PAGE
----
In the photograph, I’m wearing a gas mask and 3D glasses that I knew, if it came down to it, would not protect my eyes from the police’s buckshot. My mother is next to me, we’re riding the elevator in her building, going down to Tahrir. The police had attacked a protest and, back then, when the police attacked – everyone went out to fight.
I posted the photo on Flickr as a joke. A few days later it reappeared on a Facebook album, along with dozens of other pictures of friends and activists collected from around the internet. Look at the spies and collaborators trying to burn down our country, screamed the page. Look, they have full plates of food while they claim to be working for the poor. Look, they drink beers when they claim to be Muslims. Look, this traitor and his mother are wearing Palestinian scarves, proof they’re working for Hamas. Friends flicked through the album and the comments and we laughed at them. We were the victorious Egyptian revolution and these were the fringe crackpots watching from their computers at home, alone, at night.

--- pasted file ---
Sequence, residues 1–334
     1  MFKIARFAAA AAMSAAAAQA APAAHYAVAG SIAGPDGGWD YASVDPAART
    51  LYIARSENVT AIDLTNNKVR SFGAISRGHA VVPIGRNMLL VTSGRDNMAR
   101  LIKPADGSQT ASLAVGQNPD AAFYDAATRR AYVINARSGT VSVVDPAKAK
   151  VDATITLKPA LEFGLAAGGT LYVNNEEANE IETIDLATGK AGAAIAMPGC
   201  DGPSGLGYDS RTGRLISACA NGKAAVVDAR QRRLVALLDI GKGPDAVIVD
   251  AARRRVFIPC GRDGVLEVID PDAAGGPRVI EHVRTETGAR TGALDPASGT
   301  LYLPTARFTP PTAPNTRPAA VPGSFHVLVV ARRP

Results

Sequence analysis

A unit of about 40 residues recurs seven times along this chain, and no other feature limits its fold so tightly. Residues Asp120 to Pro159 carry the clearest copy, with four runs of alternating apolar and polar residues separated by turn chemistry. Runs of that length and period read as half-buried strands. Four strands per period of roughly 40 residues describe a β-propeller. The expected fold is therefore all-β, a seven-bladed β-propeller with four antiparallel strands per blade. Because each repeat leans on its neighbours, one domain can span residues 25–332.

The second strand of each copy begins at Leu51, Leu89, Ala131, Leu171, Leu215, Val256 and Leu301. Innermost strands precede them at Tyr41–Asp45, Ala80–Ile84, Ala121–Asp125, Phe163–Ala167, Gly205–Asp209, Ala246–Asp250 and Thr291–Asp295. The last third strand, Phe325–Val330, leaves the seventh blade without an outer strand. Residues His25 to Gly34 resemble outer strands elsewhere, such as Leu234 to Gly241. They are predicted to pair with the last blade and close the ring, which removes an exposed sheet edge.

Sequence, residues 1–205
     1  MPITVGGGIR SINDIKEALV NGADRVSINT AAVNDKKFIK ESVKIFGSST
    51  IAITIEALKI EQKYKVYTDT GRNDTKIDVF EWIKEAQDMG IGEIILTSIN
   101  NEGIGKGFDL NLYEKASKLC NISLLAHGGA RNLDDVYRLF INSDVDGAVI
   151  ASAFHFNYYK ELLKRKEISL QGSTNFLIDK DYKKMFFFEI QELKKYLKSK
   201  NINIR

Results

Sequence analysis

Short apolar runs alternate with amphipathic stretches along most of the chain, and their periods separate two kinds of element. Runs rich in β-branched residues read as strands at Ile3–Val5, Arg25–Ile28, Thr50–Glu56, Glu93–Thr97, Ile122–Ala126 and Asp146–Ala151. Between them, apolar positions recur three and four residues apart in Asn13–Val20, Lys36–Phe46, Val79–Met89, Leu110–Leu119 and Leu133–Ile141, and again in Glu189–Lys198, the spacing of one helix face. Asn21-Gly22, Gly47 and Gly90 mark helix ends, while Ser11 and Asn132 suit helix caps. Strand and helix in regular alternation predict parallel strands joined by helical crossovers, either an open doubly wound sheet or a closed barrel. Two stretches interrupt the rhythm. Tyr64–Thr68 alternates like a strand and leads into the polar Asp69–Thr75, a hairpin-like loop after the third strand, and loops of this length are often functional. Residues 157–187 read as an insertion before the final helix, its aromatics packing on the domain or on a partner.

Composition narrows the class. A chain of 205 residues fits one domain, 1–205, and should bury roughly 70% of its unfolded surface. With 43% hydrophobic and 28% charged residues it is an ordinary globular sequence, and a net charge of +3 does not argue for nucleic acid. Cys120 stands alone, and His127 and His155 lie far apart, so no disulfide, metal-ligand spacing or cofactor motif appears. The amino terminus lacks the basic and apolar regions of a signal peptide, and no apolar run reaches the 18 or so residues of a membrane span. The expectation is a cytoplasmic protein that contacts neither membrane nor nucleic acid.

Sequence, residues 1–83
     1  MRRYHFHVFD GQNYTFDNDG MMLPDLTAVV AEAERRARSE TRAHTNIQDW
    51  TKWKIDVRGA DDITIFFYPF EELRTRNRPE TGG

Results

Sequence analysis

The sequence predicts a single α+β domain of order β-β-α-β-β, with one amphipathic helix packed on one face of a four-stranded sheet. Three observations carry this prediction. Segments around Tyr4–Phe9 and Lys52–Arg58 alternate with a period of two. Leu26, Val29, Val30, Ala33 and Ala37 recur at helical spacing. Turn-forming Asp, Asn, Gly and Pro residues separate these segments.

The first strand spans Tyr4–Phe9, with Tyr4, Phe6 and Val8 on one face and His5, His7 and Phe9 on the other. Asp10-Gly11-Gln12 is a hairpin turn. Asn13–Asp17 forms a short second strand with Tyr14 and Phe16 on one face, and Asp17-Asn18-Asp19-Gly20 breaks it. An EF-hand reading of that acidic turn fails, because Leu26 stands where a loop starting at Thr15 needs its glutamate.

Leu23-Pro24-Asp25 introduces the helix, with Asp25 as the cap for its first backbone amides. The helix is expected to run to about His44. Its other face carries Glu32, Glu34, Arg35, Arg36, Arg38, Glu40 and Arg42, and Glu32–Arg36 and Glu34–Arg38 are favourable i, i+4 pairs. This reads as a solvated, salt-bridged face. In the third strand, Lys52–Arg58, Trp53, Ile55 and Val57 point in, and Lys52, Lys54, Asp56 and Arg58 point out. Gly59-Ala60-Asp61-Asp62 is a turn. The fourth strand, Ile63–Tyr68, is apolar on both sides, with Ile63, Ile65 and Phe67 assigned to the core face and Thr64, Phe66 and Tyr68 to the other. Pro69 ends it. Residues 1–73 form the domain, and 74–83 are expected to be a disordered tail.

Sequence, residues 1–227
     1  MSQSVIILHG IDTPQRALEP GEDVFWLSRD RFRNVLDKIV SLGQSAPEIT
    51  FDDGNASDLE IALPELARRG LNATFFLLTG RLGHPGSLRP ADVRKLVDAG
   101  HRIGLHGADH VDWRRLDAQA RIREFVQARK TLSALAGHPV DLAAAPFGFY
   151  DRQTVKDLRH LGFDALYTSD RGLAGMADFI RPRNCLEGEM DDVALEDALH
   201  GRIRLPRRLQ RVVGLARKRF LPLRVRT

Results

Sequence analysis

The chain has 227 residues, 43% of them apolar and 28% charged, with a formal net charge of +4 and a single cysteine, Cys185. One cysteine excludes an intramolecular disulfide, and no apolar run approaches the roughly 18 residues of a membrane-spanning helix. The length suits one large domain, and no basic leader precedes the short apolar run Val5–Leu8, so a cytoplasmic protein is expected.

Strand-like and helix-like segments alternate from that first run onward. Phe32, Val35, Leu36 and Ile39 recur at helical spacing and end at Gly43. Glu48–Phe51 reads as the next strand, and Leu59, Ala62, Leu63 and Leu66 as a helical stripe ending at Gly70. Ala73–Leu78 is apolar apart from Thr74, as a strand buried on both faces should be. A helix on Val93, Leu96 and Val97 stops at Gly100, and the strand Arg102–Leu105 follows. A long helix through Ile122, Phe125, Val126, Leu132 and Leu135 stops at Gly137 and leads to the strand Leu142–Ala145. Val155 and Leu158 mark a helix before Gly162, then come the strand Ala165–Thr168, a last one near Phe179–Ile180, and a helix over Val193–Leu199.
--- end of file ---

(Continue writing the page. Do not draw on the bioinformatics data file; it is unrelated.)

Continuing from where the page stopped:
Almost exactly five years later, I am sitting on my computer in my apartment in Brooklyn, the revolution long defeated, alone and falling deeper into the online tunnels of the triumphant alt right.
Look, these anti-Trump protests are planned, they have scheduled paid events all the way through to inauguration. Obama’s going to declare Martial Law. Look, anti-Trump demonstrations are actually Democrat Party rallies…